Almost no schools can compete universally across all topics. Even Harvard struggles, despite its history and $40B endowment, in areas like engineering. Princeton, with unmatched per student resources, lacks some programs and is probably a bit too small to be absolutely top notch in others. I think universities, like countries an business, should pursue strategies of differentiation, and I also think students will be better off if they do it.

    It isn't easy to make it into the top echelon. When I first became aware of university reputations, I would have named HYP plus Stanford, MIT, and Caltech as the top schools in a general sense (Caltech being the most specialized). This was quite a while ago, but I would probbly still name these today. However, I have seen movement. Duke, Chicago, Notre Dame, Vanderbilt, Brown, Penn, and Tufts have certainly improved their standing in my memory. (I may have missed some.) Duke, for instance, was probably considered the strongest school in the South (probably along with Rice), but was not at the level it has attained now. If someone chose to attend UVA or UNC instead of Duke then, no one would have thought much of it (the price differential was quite large). Now it would be thought of as an opportunity that was passed up.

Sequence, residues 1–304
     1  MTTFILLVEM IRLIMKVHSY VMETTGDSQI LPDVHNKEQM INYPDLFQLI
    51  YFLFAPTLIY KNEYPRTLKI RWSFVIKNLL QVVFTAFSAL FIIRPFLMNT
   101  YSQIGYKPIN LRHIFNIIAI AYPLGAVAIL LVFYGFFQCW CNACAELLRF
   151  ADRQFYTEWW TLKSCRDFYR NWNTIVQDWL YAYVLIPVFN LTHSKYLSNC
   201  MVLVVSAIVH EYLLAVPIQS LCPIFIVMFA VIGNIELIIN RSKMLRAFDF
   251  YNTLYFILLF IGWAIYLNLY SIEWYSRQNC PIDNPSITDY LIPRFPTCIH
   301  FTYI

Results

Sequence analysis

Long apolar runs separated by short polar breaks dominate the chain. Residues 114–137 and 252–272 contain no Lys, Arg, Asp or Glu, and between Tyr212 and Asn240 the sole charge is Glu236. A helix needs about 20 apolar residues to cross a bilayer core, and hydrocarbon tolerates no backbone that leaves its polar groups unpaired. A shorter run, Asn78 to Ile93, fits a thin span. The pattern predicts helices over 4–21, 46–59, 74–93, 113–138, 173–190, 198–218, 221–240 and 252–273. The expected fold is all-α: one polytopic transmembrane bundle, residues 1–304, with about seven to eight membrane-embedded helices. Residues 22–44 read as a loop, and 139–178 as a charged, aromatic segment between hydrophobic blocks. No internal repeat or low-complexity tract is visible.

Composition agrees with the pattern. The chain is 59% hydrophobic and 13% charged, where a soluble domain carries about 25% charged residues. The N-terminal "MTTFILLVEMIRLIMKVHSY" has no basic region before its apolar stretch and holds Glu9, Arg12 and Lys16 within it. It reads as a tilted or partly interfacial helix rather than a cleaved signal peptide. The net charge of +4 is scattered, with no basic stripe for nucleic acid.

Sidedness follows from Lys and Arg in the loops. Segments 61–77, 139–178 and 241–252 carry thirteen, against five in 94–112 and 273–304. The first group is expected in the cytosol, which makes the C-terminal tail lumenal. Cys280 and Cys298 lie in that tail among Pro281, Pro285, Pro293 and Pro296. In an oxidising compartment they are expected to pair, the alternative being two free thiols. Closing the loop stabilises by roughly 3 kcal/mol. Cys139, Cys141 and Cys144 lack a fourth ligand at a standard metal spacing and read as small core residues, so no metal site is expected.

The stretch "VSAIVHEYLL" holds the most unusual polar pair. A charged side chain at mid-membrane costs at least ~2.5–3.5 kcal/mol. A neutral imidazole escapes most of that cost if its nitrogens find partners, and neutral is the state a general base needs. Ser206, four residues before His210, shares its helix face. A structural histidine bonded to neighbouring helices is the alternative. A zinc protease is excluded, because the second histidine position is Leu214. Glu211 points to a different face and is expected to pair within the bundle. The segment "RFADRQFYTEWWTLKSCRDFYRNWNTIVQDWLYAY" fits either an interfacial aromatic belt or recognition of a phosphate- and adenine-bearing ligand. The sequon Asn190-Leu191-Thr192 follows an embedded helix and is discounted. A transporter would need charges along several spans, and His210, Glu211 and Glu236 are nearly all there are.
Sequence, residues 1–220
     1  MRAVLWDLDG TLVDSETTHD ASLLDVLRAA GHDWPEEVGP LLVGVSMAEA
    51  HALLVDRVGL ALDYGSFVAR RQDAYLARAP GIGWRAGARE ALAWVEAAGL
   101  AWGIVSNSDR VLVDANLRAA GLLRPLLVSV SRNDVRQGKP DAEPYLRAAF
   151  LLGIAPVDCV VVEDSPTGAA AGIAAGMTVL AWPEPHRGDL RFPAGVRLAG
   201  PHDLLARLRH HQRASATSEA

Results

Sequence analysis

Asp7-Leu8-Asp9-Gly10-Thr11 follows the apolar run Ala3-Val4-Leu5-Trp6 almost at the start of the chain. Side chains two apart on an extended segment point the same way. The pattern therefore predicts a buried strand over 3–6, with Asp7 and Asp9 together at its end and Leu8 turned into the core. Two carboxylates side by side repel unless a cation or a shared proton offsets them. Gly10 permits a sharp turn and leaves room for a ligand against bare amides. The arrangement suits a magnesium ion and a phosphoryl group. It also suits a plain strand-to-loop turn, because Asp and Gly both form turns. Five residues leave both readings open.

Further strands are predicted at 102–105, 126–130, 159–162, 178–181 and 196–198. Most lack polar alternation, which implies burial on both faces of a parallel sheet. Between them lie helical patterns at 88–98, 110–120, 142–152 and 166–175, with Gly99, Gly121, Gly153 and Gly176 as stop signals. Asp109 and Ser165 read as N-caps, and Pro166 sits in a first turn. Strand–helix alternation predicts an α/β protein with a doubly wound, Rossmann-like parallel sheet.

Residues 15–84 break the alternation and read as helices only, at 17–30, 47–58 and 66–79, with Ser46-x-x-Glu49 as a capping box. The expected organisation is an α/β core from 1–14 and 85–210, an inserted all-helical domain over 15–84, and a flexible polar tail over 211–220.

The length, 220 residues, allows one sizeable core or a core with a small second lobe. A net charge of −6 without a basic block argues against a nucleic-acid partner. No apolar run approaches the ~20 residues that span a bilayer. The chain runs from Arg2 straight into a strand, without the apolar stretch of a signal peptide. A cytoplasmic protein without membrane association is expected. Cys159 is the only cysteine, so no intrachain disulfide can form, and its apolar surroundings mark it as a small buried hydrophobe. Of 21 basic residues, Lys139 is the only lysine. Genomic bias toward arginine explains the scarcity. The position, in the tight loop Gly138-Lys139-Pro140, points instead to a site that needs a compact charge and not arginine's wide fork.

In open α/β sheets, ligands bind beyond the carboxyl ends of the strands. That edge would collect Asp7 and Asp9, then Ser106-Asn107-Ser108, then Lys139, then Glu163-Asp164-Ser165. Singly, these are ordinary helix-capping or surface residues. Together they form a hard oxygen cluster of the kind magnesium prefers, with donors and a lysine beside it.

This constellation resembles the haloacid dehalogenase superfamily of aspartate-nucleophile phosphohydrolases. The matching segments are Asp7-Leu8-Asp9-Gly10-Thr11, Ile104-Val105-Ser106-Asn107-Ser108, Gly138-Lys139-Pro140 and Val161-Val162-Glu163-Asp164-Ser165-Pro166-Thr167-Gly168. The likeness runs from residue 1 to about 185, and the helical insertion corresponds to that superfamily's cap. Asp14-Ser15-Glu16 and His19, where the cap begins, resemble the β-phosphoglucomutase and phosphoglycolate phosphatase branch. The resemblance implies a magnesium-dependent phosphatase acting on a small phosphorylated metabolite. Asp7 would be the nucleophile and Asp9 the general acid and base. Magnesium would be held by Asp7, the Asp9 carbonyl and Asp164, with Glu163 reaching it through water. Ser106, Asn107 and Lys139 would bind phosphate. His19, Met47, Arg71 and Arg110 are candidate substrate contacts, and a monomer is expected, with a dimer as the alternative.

I think Chicago in on a bit of a hot streak, which will probably cool at some point, but I think it has what it takes to get stronger if it focuses in the areas that make sense.
  • ChrchillChrchill Registered User Posts: 1,024 Senior Member
  • ChrchillChrchill Registered User Posts: 1,024 Senior Member
    @JenniferClint I agree with what your are implying that Uchicago does not need engineering. Even Harvard has weaknesses. I am all for product differentiation. Uchicago is already doing that.
  • Cue7Cue7 Registered User Posts: 2,410 Senior Member
    edited May 2
    (Deleted)